4. Lighting Up a Pumpkin with Various Color LEDs

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The model pumpkin used in this article is an artificial Funkin. The bottom of the Funkin is open. That’s where we'll put the LED light source.

Using a small plastic container to hold the LED light source under an artificial pumpkin.

Using a small plastic container to hold the LED light source under an artificial pumpkin.

A Glad Products container, 1 3/4 cup (14 oz, 414 ml) fits perfectly over the 9V battery and solderless breadboard. The pumpkin is placed over the small container.

To block the light from showing underneath the pumpkin, you can cover the sides of the plastic storage container with blue masking tape. Then, wrap a towel or pillowcase around the small container, as though the jack-o-lantern were wearing a scarf.

For a real pumpkin, you can either use this method, or you can throw the circuit board and alkaline battery into a Ziploc sandwich bag and place it on the bottom of the pumpkin. When you’re happy with the look of the pumpkin, you should trim the leads of the LEDs and resistors to sit flush against the prototype board. Otherwise, the individual LEDs will be noticeable in the pumpkin’s mouth.

Pumpkin lit with red LEDs instead of a candle. Pumpkin lit with pink LEDs instead of a candle.

Above: Pumpkins lit with red LEDs and pink LEDs.

For red, I used four strands of three red LEDs. Total of 12 red LEDs.

For pink, I used four strands of two pink LEDs. Total of 8 pink LEDs.

Pumpkin lit with green LEDs instead of a candle. Pumpkin lit with white LEDs instead of a candle.

These green LEDs are a little too yellow for my taste. The white LEDs look good.

Pumpkin lit with aqua LEDs instead of a candle. Pumpkin lit with blue LEDs instead of a candle.

Two pumpkins lit with aqua LEDs and blue LEDs. The blue LED light is striking.

Pumpkin lit with purple LEDs instead of a candle. Pumpkin lit with ultraviolet LEDs instead of a candle.

The purple LEDs look similar to the pink LEDs.

The ultra-violet LEDs appear dim because human eyes can’t see very far beyond blue. I wonder whether a natural pumpkin will fluoresce?

There is a health concern about staring directly into an ultraviolet LED. The total UV exposure probably wouldn’t be as great (and the wavelength isn’t as energetic) as you would get from natural sunlight. However, your pupils may not contract and you may not blink or squint like you would if you were staring at a more visible light source. Temporary indirect exposure to a group of UV LEDs lighting up a pumpkin is unlikely to cause any more harm than would a blacklight. But, if you’re concerned, or if you plan to leave the pumpkin unattended around children or incapacitated adults, avoid using a UV LED.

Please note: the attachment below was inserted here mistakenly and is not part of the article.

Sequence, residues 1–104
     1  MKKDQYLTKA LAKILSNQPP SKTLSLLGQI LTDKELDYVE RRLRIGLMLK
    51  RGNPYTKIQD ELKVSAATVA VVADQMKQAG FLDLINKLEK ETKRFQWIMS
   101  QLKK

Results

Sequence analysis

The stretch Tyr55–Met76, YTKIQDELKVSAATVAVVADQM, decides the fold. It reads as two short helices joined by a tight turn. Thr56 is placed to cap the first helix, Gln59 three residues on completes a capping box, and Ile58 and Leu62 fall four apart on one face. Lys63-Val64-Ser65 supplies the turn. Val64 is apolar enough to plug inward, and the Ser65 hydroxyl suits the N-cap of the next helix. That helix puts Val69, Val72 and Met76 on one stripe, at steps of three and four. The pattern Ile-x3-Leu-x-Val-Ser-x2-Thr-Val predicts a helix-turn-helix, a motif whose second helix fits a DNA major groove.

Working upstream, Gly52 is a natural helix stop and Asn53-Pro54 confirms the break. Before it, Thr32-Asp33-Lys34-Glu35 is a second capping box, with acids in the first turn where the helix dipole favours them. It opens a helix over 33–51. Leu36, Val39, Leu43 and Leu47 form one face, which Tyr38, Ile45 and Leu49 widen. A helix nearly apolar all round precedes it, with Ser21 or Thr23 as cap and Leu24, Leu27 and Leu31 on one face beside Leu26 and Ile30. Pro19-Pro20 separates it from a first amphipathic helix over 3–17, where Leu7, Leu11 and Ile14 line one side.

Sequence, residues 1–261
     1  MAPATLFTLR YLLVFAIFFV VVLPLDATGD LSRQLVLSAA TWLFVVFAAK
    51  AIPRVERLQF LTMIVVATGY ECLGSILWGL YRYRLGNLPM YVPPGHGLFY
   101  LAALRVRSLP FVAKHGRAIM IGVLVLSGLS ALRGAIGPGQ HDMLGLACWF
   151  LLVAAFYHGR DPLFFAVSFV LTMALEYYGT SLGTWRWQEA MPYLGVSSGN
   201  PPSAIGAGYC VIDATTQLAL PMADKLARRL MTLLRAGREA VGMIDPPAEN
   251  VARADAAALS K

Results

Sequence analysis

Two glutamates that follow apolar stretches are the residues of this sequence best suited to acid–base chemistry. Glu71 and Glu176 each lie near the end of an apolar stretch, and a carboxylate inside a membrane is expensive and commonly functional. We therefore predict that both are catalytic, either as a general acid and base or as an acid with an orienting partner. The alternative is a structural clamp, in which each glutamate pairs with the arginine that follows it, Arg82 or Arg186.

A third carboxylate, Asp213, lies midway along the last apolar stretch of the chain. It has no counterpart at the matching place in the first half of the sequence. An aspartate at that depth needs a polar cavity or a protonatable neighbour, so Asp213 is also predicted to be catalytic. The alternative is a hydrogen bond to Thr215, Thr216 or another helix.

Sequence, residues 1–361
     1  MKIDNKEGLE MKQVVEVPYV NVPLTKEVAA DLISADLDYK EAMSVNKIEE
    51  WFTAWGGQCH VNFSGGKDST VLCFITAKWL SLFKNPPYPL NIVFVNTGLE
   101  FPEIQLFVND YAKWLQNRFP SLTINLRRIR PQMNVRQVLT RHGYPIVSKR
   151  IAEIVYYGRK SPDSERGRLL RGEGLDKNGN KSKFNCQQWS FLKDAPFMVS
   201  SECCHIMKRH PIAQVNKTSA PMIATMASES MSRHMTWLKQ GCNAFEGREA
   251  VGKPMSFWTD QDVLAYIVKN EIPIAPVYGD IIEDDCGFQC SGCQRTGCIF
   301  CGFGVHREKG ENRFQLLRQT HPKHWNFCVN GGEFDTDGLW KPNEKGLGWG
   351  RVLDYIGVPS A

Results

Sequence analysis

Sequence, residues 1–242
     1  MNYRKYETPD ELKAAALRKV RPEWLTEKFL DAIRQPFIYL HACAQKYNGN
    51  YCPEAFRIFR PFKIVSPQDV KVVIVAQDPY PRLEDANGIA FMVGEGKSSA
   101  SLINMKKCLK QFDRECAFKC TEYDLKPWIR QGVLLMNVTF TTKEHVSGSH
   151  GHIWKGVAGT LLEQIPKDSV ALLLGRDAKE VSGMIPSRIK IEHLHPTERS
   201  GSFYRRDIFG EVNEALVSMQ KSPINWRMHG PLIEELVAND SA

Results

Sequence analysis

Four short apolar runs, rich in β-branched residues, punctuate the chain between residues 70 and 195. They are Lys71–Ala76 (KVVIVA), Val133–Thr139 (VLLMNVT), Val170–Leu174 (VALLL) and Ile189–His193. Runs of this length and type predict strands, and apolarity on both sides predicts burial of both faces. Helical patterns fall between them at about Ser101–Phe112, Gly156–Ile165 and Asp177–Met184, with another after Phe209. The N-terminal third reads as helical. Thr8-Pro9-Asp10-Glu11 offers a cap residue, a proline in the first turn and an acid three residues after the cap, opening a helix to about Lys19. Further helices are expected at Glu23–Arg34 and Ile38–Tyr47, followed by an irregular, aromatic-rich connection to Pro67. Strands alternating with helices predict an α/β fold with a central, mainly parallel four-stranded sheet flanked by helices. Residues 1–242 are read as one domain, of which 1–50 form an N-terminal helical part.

Don’t Use Old or Junk LEDs

All of the LEDs used for lighting up these pumpkins are modern, high-brightness LEDs in clear cases. These types of LEDs are also called ultra bright LEDs, high efficiency LEDs, or super bright LEDs.

Older LEDs tend to be much dimmer and are in tinted cases. Using lower resistor values would make them brighter, but they’ll burn out.

I’m not sure what to do with my old LEDs. But, they’re not appropriate for this project.

Mixing LED Components of the Same Color

For color, size, and output consistency, I usually want my LEDs to be the same part number from the same batch. But when I clean up the robot room, I’m sometimes left with piles of unmarked LEDs. I can use the LED Tester to quickly determine the LED’s color and brightness, but I can never be sure which exact part number the lone LED matches.

Fortunately, since the emitted light tends to blend inside of a pumpkin, this is a good chance to use leftovers or unknown part numbers (but not junky dim LEDs). Slight variations in color or output will go unnoticed.

Mixing LED Colors

You can come up with other color variations by combining LEDs of totally different colors on the same board. For example, by using strands of red and blue LEDs, you can end up with a nice purple or pink color overall. White and blue LEDs combine to make a sky blue light source.

By mixing up popular or primary colors, you don’t need to buy individual specialty LEDs like pink, purple, or aqua.

Now, that we’ve mastered lighting up a jack-o-lantern, can we make LED flickering candles by using blinking LEDs? A movie is coming up...